How voting for school board members affects everyone even if they don’t have children
ATLANTA — As election season begins to pick up speed, it seems like a perfect time to remind everyone once again how important the whole ballot is. On Nov. 2, Atlanta voters will elect a mayor, city council, and the Atlanta Board of Education. After the countless voter restriction, anti-trans, and abortion ban bills popping up across the country in early 2021, the results of last year’s election have proven that the top of the ticket has fewer consequences than the bottom half. Local and state elections like the one coming up for Atlanta in November could have long-lasting and damaging effects not only on voting rights, but also on housing, policing, and education.
Education is a complex and partisan subject in this nation. Little red schoolhouses of the 19th and early 20th centuries have given way to school systems and districts of 100,000 or more students and tens of thousands of teachers. Over the years, more than 130,000 small districts have unified and combined into fewer and larger districts. However, the desire for local control by city, county, and state school boards instead of a nationalized system has not wavered. The lack of nationalization has also allowed school boards to vary in standard practices, policies, and achievement.
On the local level, most school board officials are elected to act as a bridge between schools and their communities and to determine educational policies implemented in schools and districts like graduation and assessment requirements, school lunch prices, partnerships with businesses, and dress codes. During COVID-19, those policies dictated school closings and reopenings, social distancing, mask mandates, distance learning platforms, and meal delivery. In addition to determining policy, school board officials oversee the daily operation of the district. They determine budgets for funding things like teacher salaries, textbooks, sports, and school police forces. School boards also dictate smaller details like whether or not vending machines are filled with healthy snacks, or how many windows are in each classroom, or what types of flooring can be used in elementary schools. Finally, they also decide whether or not hot button curriculum topics that deal with racial and gender discrimination in American History can be taught in some or all schools.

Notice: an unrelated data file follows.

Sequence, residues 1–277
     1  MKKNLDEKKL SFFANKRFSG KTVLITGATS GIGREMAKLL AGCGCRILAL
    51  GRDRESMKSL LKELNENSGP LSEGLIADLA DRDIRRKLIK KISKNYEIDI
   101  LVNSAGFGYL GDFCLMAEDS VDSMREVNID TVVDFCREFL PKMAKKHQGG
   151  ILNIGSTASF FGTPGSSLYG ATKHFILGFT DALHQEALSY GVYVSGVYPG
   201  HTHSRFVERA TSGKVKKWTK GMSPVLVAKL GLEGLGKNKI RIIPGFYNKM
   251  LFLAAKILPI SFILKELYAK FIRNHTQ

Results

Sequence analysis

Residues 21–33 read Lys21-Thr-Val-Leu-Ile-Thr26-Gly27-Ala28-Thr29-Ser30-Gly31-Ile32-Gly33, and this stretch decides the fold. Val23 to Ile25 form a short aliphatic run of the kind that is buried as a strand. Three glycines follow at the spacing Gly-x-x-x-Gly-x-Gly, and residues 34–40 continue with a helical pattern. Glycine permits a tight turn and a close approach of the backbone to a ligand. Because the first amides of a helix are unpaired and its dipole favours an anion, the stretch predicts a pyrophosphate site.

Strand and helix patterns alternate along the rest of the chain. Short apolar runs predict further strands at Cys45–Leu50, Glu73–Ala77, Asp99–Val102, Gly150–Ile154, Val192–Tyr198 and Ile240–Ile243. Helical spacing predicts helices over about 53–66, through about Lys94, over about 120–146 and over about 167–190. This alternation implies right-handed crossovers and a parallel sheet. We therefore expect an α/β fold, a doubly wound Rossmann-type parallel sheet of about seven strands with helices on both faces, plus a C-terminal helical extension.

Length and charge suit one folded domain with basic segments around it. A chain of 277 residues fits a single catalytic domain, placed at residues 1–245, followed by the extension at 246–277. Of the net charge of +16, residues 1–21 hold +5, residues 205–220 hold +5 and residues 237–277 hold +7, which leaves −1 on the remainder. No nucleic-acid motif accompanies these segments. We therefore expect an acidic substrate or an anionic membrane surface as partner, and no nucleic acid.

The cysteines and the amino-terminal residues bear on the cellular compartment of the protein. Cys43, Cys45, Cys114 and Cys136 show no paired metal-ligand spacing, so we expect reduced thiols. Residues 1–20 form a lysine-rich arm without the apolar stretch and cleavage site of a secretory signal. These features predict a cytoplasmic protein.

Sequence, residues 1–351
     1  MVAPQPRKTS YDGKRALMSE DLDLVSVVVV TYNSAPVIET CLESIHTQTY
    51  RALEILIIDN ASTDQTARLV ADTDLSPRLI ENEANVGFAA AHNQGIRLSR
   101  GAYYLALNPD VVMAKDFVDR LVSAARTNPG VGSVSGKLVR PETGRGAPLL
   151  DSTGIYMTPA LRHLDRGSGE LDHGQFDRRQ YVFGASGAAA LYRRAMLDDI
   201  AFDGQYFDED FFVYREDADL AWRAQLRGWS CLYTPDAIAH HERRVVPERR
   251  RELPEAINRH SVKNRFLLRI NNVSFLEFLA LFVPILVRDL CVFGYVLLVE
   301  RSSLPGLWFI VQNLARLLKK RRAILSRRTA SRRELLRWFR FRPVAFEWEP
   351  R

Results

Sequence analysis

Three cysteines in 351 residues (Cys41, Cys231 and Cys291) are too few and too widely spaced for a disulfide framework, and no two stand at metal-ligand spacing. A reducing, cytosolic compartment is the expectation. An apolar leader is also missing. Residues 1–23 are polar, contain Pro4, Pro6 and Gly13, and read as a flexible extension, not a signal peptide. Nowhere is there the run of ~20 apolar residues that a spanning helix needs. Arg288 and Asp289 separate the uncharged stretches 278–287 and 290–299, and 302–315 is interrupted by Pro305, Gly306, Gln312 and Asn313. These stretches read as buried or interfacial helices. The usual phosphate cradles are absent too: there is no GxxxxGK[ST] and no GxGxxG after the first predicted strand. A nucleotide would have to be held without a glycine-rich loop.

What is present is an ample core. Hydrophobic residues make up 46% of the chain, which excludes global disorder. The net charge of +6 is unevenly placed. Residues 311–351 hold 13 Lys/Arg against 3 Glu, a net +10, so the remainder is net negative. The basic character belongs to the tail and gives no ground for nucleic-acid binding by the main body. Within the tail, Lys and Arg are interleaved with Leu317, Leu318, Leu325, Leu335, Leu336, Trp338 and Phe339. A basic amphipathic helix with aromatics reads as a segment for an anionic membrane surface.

Though the school board is the final decision maker, it is ultimately the voters and continued community involvement that pushes each issue to the forefront. If a district built or renovated most of its schools in the late 1970s, we know historically those schools have greater chances of having lead paint or lead pipes. If community involvement is not high, there’s a possibility those schools will not be the first in line for testing or solutions, even when lead, asbestos or other harmful pathogens are known to be present in these facilities. School boards have the final say on which schools will or will not be condemned, rebuilt, renovated, or just patched up. It is also worth noting that Georgia does not currently require testing water for lead in schools or daycare facilities.
School boards are also tasked with setting property tax millage rates within their district. A millage rate is a tax rate used to calculate local property taxes, and represents the amount per every $1,000 of a property’s assessed value. Fulton County Schools currently have the lowest millage rates in metro Atlanta at 17.796, while Atlanta Public Schools and DeKalb County Schools’ rates were set at 20.74 and 23.080, respectively. Historically, rates in predominantly Black and lower-income neighborhoods have been taxed at higher rates. In his book Color of Law, Richard Rothstein points out multiple studies, cases, and policies that have allowed this process to carry on even today.
The Atlanta Board of Education (ABE) is the governing body of the Atlanta Public School System (APS). According to data compiled by VoteATL.org, ABE and APS currently work with an operating budget of about $853 million. That money comes from roughly 50% of property taxes and 11% of sales taxes collected; the other 50% of property taxes go to the city, county, and state. The remaining 89% of sales taxes collected go to the city, county, state, and MARTA. Those tax funds, as well as state, federal, and grant funds, all provide funds for school operations, salaries, and expenses.